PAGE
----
Saturday, May 07, 2011 

22 Years of LASIK

The first FDA clinical trial in the United States began in 1989. At that time, LASIK was not available, so the early procedures were PRK, or photorefractive keratectomy. PRK treats the surface of the cornea with the excimer laser. In contrast, LASIK creates a thin flap in the cornea, laser treatment is applied to the corneal bed, and the flap is repositioned. We still perform PRK in about 10% of our patients, and seeing these patients after fifteen or twenty years reminds me what a great procedure PRK is. LASIK is probably even a better procedure than PRK, and this is why 90% of our patients chose LASIK. The use of the femtosecond laser (IntraLase) has improved the safety and accuracy of LASIK by leaps and bounds.

The visual results in LASIK and PRK are the same. The big difference is in the recovery time. LASIK patients obtain good vision a day or two after their procedure, whereas PRK patients may take a week, or two, to recover. There is also more postoperative pain with PRK, although we have some pretty good ways of minimizing the pain. So, why do some patients still have PRK rather than LASIK? There are four reasons. 1. The cornea may be too thin for LASIK, but thick enough for PRK. 2. There may be some corneal irregularities, or scars, which make PRK a safer procedure than LASIK. 3. There may be concern about displacement of the LASIK flap in people subject to head, or eye, trauma. 4. If previous corneal surgery was done, PRK may be a better option.

Both LASIK and PRK are remarkable for the stability of the vision correction. Less than 10% of patients require a touch-up, or “enhancement” procedure. In our practice, 92% have not needed an enhancement. And when enhancements are done, the cost is minimal, the improvement is predictable, and recovery is quick. Looking back over the last two decades, a few facts are striking. Patients often say that laser vision correction was the best thing they ever did. The elimination of glasses or contact lenses overnight is a truly remarkable feature for any ophthalmic procedure, or any surgical procedure at all. The safety of LASIK and PRK with modern technology is impressive. Serious adverse events are far less than one percent.

Laser vision correction is probably the best procedure to come along in ophthalmology during the last fifty years. What are the challenges for the future? Well, it would be nice to create a bifocal effect in the cornea, so people over 43 years of age would not have to wear reading glasses. But, this seems like such a difficult optical feat, it may be many years before someone figures out how to do it. In the mean time, patients over 43 can chose monovision, or buy reading glasses in the drug store.


Hyperopia Double Whammy

Earlier this week, I performed LASIK on a friend in his late forties. This man had a +2.00 distance correction. That is, he was moderately farsighted, or hyperopic, in both eyes. Before surgery, he was having trouble biking, seeing road signs, and reading small print. When he returned the day after surgery he was 20/20 in both eyes, and reading the newspaper without his glasses. He was thrilled! He had not been able to see clearly for either distance or near for many years. I call this the “double whammy” of performing LASIK for farsightedness in people over 42. Their distance vision becomes excellent. Their reading vision also improves. Sometimes they end up in a “sweet spot” with good distance vision and good reading vision. I tell farsighted patients that their distance vision will be superb, and their reading vision will improve about 30%. I tell them they will, at some point, need reading glasses for fine print. They will probably need to make a trip to the drugstore to get over-the-counter magnifying glasses. My friend was probably a little disappointed when I told him his good reading vision may not last permanently. With age, and possible regression of the laser correction, he might need reading glasses in the next few years. I am sure he will enjoy good reading vision while it lasts, but he won’t be too surprised if he needs the help of magnifying glasses down the road. With nearsighted people, distance vision is also superb after LASIK. But, in people over 42, reading vision may be worse. In nearsightedness, or myopia, there is a “yin and yang” between distance and near. Most people prefer good distance vision over good reading vision. But, it is important that they be forewarned. We spend a good deal of “chair time” discussing presbyopia, the need for reading glasses, with our LASIK patients.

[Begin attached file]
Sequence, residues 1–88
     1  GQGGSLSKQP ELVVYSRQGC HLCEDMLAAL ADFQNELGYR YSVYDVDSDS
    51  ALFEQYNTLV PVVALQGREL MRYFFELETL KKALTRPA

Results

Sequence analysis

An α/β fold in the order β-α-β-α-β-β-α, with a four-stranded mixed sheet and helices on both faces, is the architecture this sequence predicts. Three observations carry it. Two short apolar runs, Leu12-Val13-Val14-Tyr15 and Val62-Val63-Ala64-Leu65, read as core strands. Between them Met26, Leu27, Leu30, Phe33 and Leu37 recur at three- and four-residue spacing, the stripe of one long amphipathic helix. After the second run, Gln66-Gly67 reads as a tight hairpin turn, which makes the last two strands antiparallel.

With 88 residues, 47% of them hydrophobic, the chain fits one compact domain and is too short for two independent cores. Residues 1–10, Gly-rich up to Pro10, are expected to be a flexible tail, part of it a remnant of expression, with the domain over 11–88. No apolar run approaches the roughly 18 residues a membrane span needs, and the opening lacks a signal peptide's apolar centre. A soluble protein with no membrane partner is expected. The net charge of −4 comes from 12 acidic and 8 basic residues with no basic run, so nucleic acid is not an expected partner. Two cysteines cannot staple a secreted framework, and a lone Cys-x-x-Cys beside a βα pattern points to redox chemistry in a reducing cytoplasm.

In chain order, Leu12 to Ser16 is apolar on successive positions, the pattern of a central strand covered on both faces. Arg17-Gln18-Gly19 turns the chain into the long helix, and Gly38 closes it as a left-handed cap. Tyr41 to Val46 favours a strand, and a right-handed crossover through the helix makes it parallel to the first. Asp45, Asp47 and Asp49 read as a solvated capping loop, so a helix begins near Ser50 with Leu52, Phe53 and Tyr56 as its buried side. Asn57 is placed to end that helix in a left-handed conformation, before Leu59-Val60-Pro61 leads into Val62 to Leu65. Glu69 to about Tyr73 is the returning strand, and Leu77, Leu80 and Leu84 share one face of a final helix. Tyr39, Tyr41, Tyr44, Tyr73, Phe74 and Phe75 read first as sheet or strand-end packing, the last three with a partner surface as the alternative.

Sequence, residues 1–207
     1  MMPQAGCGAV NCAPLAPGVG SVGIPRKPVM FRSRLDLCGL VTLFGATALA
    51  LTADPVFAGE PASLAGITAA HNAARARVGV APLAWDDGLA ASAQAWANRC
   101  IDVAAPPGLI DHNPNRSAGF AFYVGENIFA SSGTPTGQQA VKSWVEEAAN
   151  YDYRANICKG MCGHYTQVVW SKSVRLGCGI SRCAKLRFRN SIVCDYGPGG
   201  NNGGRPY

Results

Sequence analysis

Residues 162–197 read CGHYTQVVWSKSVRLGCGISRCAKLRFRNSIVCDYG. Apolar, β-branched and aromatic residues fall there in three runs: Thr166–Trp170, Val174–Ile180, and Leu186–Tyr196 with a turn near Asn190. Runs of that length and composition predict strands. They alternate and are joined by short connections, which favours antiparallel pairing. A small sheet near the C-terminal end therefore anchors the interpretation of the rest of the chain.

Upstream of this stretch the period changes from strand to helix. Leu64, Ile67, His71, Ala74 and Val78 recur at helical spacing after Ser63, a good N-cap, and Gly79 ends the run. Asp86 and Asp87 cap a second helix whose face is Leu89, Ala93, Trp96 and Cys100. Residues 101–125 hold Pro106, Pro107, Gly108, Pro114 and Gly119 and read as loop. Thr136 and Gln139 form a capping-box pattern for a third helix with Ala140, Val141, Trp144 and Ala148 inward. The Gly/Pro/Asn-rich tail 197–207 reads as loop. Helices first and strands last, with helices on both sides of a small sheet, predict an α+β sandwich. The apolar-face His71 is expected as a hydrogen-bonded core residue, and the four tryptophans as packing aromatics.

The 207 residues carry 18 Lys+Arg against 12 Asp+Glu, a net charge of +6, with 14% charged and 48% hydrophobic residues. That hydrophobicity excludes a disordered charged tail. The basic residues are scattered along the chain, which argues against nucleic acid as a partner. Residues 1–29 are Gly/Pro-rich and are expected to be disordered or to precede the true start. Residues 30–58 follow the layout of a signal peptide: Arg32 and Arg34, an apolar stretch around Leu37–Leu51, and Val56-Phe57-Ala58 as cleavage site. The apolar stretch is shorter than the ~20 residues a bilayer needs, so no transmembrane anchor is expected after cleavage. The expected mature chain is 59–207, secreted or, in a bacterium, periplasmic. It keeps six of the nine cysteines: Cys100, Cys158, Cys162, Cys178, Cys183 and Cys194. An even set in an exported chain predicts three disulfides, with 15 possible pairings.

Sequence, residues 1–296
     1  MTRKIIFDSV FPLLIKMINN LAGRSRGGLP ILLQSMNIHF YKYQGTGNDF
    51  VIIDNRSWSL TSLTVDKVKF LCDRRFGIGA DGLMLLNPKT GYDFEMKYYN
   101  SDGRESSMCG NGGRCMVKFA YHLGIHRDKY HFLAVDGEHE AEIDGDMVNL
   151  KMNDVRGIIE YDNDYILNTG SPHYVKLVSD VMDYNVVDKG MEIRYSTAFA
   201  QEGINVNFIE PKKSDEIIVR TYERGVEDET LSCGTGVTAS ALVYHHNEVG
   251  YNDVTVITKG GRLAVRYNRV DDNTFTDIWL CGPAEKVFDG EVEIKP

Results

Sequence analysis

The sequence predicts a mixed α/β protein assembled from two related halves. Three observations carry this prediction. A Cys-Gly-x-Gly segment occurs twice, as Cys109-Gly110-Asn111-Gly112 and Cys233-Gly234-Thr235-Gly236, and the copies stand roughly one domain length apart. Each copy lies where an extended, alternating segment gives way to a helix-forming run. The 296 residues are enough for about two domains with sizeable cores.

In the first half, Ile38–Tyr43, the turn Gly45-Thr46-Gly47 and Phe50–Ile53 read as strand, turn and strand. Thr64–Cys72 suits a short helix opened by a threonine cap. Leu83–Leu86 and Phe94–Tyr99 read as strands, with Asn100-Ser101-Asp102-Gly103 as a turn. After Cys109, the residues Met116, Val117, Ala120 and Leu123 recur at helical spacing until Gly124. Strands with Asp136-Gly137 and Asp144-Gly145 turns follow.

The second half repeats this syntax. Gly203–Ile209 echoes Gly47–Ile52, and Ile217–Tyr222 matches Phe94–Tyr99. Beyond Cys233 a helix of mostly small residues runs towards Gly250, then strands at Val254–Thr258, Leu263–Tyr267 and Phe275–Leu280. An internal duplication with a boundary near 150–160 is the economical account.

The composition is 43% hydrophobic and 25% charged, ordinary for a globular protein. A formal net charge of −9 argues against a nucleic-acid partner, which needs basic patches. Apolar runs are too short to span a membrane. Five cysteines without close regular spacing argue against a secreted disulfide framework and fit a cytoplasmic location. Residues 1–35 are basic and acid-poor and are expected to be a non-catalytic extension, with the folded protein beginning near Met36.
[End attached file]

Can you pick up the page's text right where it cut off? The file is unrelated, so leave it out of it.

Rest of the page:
It is sometimes said that farsighted people are easier to please with LASIK. It is this double whammy of improved distance and reading vision that is responsible for their satisfaction.

About me

  • I'm LASIKblog
  • From La Jolla, California, United States
  • Mitchell Friedlaender, M.D., is Head of the Division of Ophthalmology, and Director of the Laser Vision Center at Scripps Clinic, in La Jolla, CA, and Adjunct Professor at The Scripps Research Institute. He is a cum laude graduate of the University of Michigan Medical School, and received his ophthalmology training at Harvard University, and the University of California, San Francisco. He was a full time faculty member at the University of California, San Francisco before joining Scripps Clinic in 1986. He is the author of 6 books and over 250 scientific articles. He has lectured at universities throughout the world on conditions such as blepharitis, allergy, dry eye, and infection. He is the recipient of the Senior Honor Award of the American Academy of Ophthalmology, and a member of the American Ophthalmological Society, an honor society composed of 300 leaders in ophthalmology. He has been listed every year, since 1986, in The Best Doctors in America.
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